Entity-Relationship (ER) Model | Database Modeling
We’ve got data that describes us, animals, objects, ideas, bank accounts, relationships between these objects— everything. As human beings we strive to organize this data with purpose of resolving problems. Before we can even begin to resolve problems using the data we’ve got to understand how to effectively conceptualize it.
One of the fundamental questions in Computer Science is how to organize data. The Entity-Relationship model tries to answer that. It can be used to assist with organizing data within a database.
What is the Entity-Relationship (ER) Model?
The Entity-Relationship (ER) is a way of describing data, and how different types of data may relate to one another. It allows individuals to to quickly understand what a specific object is made of, and how a singular object relates to other objects in its mini-world. There is an entire visual schema dedicated to describing entities.
ER Diagram Symbols
At the center of the ER model is an entity. An entity is a singular object, or a thing with an independent existence. An entity may be a physical object, or a concept. Each entity is made up of attributes that describe the entity. Attributes are properties of an entity. There are several different types of attributes. All attributes are either composite, or atomic (made up of many, or a singular). They are either stored, or derived. Attributes may also be single-valued or multi-valued.
The entity is labeled as a rectangle, and an attribute is an oval. (The colors are irrelevant, but are used to be visually appealing.)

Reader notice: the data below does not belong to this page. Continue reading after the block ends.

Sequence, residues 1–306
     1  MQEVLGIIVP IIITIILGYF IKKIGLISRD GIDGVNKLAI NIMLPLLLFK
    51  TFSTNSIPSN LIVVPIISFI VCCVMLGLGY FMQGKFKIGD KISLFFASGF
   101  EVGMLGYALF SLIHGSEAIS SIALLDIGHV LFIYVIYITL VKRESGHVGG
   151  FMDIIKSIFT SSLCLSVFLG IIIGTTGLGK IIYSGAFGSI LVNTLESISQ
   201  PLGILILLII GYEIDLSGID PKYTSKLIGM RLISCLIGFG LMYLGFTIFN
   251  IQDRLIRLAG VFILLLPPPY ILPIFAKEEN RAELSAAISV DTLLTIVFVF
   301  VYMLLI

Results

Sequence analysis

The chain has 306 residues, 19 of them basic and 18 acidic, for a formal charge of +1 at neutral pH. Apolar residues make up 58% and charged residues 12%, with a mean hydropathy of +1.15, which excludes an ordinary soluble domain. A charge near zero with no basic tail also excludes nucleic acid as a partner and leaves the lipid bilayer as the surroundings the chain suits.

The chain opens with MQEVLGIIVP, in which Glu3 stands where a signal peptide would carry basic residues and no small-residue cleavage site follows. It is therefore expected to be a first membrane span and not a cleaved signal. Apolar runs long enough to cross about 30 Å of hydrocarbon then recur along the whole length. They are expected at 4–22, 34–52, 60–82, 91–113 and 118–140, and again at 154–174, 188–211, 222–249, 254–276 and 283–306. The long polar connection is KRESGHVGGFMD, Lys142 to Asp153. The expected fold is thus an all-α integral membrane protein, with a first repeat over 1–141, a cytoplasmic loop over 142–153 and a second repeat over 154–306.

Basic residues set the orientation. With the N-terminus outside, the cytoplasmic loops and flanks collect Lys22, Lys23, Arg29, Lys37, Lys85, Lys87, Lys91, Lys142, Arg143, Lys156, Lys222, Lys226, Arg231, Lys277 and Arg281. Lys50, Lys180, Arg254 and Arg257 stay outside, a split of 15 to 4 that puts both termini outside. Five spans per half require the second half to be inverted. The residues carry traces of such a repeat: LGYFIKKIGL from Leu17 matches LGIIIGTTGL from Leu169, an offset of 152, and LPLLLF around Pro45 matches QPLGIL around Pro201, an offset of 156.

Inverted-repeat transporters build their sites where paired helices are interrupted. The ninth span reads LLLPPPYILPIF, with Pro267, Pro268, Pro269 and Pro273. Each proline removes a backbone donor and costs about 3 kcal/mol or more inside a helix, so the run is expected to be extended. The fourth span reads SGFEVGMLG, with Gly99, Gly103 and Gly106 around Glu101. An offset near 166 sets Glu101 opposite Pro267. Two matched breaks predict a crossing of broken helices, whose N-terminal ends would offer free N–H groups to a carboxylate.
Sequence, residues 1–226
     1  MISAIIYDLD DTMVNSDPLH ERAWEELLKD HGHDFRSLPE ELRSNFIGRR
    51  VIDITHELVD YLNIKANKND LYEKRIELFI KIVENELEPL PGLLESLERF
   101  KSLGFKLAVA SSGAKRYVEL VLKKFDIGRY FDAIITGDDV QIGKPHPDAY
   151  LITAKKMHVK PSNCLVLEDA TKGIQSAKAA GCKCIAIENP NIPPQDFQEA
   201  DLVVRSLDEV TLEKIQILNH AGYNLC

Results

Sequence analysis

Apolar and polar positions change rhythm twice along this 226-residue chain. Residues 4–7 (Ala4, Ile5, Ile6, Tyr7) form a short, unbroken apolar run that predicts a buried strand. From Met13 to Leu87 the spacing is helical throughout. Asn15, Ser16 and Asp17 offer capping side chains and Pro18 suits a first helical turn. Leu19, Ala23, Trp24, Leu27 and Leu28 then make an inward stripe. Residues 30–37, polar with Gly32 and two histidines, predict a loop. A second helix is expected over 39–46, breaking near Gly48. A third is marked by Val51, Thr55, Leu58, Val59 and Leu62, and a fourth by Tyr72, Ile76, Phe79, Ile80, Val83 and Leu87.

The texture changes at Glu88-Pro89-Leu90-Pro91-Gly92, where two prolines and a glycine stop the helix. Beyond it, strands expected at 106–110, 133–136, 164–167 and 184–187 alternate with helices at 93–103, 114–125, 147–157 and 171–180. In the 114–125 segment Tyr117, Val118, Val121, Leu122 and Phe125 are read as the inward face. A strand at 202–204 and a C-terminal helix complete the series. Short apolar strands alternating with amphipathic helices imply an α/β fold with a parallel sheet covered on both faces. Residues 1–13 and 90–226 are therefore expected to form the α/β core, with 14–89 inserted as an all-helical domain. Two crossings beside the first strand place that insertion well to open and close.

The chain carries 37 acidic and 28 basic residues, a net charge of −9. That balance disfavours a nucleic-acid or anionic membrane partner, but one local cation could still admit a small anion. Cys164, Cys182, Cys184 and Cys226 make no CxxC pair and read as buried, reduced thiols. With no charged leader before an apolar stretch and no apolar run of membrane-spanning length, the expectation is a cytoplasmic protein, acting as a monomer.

A stored attribute is just that. An attribute that is stored for what it is. Derived attributes are a logical extension of a stored attribute. An example of such is a person’s age being derived from their date of birth.
Composite attributes are attributes that are made up of many attributes (two or more), whereas atomic attributes are indivisible. Atomic attributes are singular.
Single-valued attributes are attributes that have a single value. Multi-valued attributes may have one or more values. An example of such is college degrees. An individual may have one, or many degrees.
An Entity and its Attributes
We’ve described what an entity is, and how it is made up of attributes. Attributes are either: atomic or composite; stored or derived; single-valued or multi-valued. By understanding this vocabulary, and the symbols that describe them, we can quickly communicate with one another about our data models. This is the beginning of a very important concept that will enable us to quickly understand a mini-world, and enable us to build complex processes and systems around these data models.